Lecture 12: System Cycles

Reservoirs - Physical boundaries or holding tanks (the ocean is a reservoir)

• A reservoir is also thought of by the mass of material in it, (the ozone, the fish in the ocean)
• You must be the one that defines a reservoir when doing your study, (the pesticides in a hawk is a reservoir)

Cycles Can Be Portrayed Visually, Graphically, or Mathematically

• When we construct a portrayal of the characteristics and functioning of a cycle or any characteristics of a cycle or any other environmental process, it's called a model
• Models of natural cycles and other processes can be:
• Physical models
• Landscape drawings
• Box models
• Mathematical models

Physical Model

• Landscape drawing
• Basic water cycle drawing

Box Model

• Reservoirs are portrayed as boxes connected with arrows
• Even simpler cycle drawing
• Has units and %s along with the process on each arrow (Ocean﻿$\rightarrow$﻿ evaporation 86%﻿$\rightarrow$﻿ Atmosphere)
• Reservoirs -Boxes
• Contents - Numbers in that box
• Transfer processes - Arrows
• Fluxes - Numbers on the arrows
• Box models are the first step in developing math and computer models
• Each process is described by a math equation

The Content of a Reservoir is a Function of Both Concentration and Overall Size

Content (or burden) of a reservoir = total mass of substance in reservoir = concentration ﻿$\ast$﻿ mass of physical unit

E.G. Content of Sodium in Sea Water

﻿$=$﻿ ﻿$10.78 g/kg$﻿ (﻿$Na$﻿ concentration of seawater) ﻿$\ast$﻿ ﻿$1.4 \times 10^{21} kg$﻿ (total mass of ocean)

﻿$=$﻿ ﻿$15.1 \times 10^{21} kg$﻿ (burden of Na in seawater)

Am I Going to Sample Every Fish in Lake Ontario? Once I Get a Fish, How Do I Find Mercury Content? (Put It In a Blender)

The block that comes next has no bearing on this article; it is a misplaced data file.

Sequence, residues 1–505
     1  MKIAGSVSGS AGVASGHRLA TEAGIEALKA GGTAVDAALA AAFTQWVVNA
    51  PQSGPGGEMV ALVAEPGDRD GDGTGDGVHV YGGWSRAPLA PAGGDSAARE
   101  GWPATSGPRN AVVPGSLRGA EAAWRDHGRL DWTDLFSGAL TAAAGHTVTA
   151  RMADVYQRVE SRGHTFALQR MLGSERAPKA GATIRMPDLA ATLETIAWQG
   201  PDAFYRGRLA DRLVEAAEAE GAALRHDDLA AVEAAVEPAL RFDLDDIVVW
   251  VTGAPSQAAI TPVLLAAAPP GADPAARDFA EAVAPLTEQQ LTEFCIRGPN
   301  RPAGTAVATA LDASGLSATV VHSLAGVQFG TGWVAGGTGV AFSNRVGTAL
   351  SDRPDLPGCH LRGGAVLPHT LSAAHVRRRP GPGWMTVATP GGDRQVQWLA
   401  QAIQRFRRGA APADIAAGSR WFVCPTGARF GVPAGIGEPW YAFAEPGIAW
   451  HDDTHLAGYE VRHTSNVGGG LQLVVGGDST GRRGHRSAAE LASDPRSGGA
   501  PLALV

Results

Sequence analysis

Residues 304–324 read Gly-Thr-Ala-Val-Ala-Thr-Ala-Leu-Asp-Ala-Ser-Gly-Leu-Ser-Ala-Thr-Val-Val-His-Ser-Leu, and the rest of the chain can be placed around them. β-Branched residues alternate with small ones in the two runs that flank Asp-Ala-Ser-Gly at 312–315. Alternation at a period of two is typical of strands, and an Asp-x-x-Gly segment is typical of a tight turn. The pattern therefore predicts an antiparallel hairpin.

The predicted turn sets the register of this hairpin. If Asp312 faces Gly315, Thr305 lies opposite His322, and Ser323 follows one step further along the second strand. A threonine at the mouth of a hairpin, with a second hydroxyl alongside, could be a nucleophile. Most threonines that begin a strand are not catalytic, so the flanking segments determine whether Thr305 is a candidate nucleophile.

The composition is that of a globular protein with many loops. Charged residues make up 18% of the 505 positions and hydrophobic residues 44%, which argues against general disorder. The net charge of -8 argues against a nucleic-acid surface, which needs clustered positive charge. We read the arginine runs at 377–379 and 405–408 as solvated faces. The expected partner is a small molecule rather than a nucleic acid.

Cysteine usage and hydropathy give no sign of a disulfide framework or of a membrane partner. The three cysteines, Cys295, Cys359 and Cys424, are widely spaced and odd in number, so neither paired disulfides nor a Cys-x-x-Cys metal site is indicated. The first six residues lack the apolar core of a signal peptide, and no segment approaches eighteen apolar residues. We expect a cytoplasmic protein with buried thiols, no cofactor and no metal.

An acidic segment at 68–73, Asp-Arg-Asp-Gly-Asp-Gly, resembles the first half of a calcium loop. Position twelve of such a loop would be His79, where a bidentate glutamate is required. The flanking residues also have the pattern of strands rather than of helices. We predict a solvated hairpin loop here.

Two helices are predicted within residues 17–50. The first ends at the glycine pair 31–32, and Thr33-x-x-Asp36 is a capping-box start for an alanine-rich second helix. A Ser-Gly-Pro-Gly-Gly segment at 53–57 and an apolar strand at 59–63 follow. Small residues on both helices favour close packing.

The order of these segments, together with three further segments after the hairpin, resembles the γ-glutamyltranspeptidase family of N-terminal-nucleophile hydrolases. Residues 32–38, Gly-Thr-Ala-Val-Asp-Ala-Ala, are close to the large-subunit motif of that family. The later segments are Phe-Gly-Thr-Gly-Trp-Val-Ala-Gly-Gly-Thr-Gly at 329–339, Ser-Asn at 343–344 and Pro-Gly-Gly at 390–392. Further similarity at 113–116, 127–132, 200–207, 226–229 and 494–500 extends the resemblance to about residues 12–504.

• There are not really any boundaries that exist on their own, we as researchers point out and make boundaries.

Fluxes are Flows of Matter Into and Out of Reservoirs

Flux - Amount of material transferred, described in terms of mass or volume per unit of time

• Evaporation of water from the ocean surface to atmosphere ~﻿$~383*10^{18}g/yrH_2{O}$﻿
• Fluxes are controlled by the rates of transfer processes and capacities of reservoirs

Source - Where the flux is coming from; a source gives out more than it takes in

Sink - Where the flux is going; a sink takes in more than it gives out

• If source - sinks ﻿$\rightarrow$﻿ steady state

Can a Source Also Be a Sink?

• Yes the atmosphere! (it evaporates water, and rain water)
• If the source and sink are running at the same rate it will stay the same
• How long will it take to use up a reservoir is a calculation?
• When source is way more than sink, it is called "burden is increasing"?

Turn over time - The time it takes to empty or fill a reservoir.

What if a Material of Interest Enters a Reservoir?

• Multiple possibilities
• Can go from source to sink (the amount of time it goes from source to sink is called residence time)

Feedback Loops

Positive Feedback - Self reinforcing, self perpetuating "vicious" cycle

Negative Feedback - Self regulating, homeostatic